The group ended up being bigger than Shelia planned. She was expecting around 12 people, and almost 20 showed up. It was a lively, and at times difficult, discussion. When you have that many people in the room trying to discuss something, it gets a little off track and loud. The discussion was good though and a lot of the ladies in the club shared their experience actually witnessing the Scream by Munch first hand. It brings a lot to the discussion when you can relate to the story in a personal way. Another interesting thing that came up in the book discussion was a book that the group did a couple of months ago, The Girl with the Gallery. Earlier that morning while we were setting up another intern that was going through some books came across some correspondence between the then director of the museum and the subject of the Girl with the Gallery, Edith Halpert. The correspondence was guessed to have been done in the late 1950's. It was really interesting to see the book come to life in such a local way.

After the book discussion Shelia and I had to set up for intern orientation of the library. I actually helped with this by giving the other interns from the other departments of the museum a tour of the reference material that is available in the library. I had to step out of my library world and remember that not everyone has lived in a library like I have and I have to be sure to explain terminology like "call numbers" and "Dewey Decimal" and even "reference". Some of the interns hadn't been in a library since grammar school, so it was really like a completely new thing for them. I really hope to see them in the library this semester.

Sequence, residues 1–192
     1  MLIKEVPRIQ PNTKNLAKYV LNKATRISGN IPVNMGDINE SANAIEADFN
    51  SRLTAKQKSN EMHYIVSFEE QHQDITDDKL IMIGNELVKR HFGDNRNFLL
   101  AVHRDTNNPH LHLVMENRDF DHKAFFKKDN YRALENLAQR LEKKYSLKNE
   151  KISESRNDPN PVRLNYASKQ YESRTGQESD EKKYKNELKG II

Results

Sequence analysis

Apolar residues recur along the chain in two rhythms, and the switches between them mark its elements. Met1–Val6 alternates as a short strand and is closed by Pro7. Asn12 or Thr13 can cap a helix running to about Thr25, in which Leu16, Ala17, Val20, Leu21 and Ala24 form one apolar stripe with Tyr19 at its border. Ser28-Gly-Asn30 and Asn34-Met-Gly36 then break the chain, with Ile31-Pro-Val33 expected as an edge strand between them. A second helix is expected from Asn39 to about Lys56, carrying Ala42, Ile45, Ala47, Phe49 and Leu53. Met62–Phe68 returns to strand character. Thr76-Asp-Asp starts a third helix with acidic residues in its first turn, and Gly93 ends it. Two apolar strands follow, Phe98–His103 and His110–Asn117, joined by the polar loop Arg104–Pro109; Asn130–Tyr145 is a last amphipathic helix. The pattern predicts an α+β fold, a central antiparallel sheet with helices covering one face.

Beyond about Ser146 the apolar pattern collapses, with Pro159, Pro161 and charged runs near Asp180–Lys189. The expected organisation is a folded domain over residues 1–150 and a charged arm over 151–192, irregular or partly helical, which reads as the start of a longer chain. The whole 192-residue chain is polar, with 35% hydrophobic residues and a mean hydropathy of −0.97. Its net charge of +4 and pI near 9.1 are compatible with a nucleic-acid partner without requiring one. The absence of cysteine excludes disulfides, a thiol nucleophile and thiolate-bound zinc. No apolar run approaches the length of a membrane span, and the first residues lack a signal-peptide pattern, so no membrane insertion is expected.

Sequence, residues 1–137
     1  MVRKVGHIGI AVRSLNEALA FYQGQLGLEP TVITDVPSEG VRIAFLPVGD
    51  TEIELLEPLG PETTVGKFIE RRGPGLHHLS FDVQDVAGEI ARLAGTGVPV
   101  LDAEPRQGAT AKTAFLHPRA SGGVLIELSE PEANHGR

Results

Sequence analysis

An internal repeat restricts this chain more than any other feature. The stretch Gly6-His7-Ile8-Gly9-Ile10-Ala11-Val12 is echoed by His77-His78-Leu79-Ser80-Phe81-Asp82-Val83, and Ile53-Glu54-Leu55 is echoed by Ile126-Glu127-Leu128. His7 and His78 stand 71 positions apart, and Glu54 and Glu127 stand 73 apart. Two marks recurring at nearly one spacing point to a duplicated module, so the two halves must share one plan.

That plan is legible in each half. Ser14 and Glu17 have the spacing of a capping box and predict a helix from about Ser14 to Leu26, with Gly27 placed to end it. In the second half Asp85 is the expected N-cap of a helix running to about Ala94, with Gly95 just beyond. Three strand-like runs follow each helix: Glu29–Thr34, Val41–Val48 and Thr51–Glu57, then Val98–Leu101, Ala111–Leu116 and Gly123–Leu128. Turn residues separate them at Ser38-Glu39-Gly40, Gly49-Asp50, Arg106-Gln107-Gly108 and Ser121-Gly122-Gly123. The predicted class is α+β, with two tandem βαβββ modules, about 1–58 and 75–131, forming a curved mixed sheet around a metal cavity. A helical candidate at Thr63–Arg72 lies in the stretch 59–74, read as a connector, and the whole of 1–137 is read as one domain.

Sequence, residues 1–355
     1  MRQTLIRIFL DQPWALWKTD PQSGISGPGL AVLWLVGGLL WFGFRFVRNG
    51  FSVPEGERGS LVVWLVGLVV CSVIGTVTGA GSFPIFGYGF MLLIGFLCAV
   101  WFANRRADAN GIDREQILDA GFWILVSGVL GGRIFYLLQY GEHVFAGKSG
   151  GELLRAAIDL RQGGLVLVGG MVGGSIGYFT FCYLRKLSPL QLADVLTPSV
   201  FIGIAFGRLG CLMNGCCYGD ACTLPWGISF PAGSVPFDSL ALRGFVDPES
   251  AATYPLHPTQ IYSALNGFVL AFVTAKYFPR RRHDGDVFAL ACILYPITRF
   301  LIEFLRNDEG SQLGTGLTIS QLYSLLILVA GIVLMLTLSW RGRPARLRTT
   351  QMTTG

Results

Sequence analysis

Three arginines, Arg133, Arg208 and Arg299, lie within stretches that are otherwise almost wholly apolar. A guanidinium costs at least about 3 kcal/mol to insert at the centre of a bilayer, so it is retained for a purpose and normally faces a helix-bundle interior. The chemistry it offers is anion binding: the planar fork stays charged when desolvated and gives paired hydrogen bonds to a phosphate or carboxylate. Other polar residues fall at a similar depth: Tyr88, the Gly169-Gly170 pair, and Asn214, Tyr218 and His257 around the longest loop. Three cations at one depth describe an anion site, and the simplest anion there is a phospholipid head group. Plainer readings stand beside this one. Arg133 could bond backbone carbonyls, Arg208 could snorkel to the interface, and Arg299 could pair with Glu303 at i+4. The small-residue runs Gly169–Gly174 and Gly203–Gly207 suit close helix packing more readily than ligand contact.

On Thursday Shelia and two other interns from the library took a field trip to my end of the Gulf Coast and we visited the Hancock County Historical Society for a lunch talk by the Chancery Clerk. The historical society is such a wealth of information that I think is overlooked most of the time. They are very knowledgeable and more than willing to help anyone doing research on the city, county or family.